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by: Ryan • December 3, 2012 • no comments

Update: Turns out Wikipedia publishes the age of consent for every state in the US. For that information, and much more that might be useful in making the argument, go here.

I've previously written a post -- which can be found Do 17 Year Olds Have a Constitutional Right to Intercourse -- on the constitutional right of 17 year olds to have intercourse. It's not as frivolous an argument as you might think, rooted in the analysis in Lawrence v. Texas, and the fact that the overwhelming majority of states have an age of consent 17 or less. (Again, what does Washington or Iowa know that Oregon doesn't?)

The question is, can a defendant assert the 17 year old's right to intercourse?

Normally, a defendant cannot assert the rights of another person. This rule does not apply when two criteria are met, and both are met in this case.

We have not treated this rule as absolute, however, recognizing that there may be circumstances where it is necessary to grant a third party standing to assert the rights of another. But we have limited this exception by requiring that a party seeking third-party standing make two additional showings. First, we have asked whether the party asserting the right has a "close" relationship with the person who possesses the right. Powers v. Ohio, 499 U.S. 400, 411, 113 L. Ed. 2d 411, 111 S. Ct. 1364 (1991). Second, we have considered whether there is a "hindrance" to the possessor's ability to protect his own interests. Ibid.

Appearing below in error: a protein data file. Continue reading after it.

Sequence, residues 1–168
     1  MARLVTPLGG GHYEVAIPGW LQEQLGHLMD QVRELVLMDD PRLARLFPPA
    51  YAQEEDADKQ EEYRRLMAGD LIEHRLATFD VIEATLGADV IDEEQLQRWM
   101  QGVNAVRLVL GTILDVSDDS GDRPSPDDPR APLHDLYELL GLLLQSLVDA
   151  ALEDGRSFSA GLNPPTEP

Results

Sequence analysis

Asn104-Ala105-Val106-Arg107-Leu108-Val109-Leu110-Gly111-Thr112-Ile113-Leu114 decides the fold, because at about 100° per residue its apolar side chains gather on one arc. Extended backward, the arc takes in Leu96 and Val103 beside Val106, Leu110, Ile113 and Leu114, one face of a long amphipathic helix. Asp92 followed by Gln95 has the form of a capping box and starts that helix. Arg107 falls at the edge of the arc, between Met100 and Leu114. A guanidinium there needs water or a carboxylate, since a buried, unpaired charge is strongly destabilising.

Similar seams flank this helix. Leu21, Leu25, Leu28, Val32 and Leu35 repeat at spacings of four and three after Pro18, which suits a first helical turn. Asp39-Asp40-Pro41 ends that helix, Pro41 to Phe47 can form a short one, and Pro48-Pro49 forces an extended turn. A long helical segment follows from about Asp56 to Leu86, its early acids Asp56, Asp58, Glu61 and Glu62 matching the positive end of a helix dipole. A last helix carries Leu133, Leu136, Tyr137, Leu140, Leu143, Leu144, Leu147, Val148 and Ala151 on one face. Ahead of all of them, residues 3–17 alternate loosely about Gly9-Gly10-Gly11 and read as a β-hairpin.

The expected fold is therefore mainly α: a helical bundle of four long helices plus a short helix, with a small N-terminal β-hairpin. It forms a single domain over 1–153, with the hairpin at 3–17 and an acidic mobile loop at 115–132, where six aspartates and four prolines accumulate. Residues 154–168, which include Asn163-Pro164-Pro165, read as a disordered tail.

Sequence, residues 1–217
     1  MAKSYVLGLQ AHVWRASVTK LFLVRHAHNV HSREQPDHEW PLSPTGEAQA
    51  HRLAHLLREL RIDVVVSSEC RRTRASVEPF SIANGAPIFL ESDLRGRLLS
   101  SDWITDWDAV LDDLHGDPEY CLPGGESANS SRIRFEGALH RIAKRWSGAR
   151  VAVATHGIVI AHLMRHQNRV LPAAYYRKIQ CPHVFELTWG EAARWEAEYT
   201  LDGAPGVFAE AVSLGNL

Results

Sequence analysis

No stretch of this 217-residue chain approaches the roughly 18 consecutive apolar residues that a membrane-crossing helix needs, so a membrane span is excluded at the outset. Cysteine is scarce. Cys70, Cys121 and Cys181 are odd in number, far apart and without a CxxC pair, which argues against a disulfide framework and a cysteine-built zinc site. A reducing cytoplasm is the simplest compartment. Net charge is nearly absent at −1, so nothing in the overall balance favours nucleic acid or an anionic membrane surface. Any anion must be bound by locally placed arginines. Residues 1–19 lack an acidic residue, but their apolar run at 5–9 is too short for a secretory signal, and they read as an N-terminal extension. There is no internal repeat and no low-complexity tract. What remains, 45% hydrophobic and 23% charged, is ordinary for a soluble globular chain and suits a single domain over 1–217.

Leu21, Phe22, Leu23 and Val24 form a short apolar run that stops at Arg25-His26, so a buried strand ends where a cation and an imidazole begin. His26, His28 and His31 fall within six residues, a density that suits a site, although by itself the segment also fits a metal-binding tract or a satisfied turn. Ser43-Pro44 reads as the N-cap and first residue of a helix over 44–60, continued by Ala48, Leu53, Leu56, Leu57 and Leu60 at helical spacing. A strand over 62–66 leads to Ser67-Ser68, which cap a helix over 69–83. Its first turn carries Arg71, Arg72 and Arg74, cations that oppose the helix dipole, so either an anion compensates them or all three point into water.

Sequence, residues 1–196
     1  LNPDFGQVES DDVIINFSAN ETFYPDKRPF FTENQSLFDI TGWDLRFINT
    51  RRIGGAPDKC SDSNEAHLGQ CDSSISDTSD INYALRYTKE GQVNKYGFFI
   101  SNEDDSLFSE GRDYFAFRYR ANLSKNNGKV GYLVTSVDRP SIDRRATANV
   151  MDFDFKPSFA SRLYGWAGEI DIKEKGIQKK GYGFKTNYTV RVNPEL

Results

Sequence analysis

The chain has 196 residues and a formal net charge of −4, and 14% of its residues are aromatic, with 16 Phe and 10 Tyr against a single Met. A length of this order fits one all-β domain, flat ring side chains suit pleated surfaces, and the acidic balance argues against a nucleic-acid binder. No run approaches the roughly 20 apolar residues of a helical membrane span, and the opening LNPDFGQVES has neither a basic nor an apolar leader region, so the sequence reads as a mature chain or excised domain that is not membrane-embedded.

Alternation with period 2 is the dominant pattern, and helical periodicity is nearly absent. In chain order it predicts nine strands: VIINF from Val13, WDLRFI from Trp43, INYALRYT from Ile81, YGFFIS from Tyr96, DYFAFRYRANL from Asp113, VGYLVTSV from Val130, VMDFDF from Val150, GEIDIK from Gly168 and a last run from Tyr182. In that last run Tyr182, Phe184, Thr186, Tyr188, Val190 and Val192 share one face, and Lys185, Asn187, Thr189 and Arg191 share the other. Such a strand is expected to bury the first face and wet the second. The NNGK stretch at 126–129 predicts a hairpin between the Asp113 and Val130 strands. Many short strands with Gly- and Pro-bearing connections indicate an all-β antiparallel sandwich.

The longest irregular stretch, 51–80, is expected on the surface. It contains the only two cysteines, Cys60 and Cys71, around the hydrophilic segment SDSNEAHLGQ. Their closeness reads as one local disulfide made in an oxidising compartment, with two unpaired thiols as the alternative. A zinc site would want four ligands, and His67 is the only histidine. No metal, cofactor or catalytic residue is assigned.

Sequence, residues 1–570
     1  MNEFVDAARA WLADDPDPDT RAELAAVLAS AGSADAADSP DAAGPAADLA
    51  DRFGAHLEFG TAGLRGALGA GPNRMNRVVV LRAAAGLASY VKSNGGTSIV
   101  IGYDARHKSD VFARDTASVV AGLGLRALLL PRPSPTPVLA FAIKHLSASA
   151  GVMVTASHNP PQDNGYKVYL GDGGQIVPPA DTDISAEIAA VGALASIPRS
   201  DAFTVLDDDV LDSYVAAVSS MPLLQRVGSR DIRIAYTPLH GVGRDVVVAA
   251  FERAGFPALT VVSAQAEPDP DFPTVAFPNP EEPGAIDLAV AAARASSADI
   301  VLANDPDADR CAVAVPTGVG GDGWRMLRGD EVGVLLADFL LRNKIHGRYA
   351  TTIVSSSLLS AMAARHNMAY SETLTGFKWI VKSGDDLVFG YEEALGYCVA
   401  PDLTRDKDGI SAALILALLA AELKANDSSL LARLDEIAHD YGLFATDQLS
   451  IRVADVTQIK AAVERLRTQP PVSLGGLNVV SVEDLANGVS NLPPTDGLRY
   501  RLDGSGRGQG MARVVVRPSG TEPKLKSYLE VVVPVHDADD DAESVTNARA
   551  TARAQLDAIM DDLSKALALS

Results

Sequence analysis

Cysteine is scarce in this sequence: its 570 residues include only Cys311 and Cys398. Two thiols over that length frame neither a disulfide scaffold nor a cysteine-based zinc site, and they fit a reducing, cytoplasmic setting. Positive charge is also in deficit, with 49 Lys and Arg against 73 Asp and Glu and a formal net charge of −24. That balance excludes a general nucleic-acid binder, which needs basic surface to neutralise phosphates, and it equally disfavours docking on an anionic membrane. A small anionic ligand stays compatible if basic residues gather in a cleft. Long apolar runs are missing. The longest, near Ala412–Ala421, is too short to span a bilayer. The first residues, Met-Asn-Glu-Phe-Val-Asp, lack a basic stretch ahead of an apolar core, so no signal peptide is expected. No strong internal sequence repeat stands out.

Kowalski v. Tesmer, 543 US 125, 129-130 (2004)

It would seem that both of those criteria are pretty easily met. Relationships don't get much "closer," and there's no vehicle for the 17 year old to assert that right herself.

Anyway, this is something to add to the arsenal when the state charges your 21 year old client with Sex Abuse II -- a felony automatically requiring sex offender registration -- for sex with a 17 year old.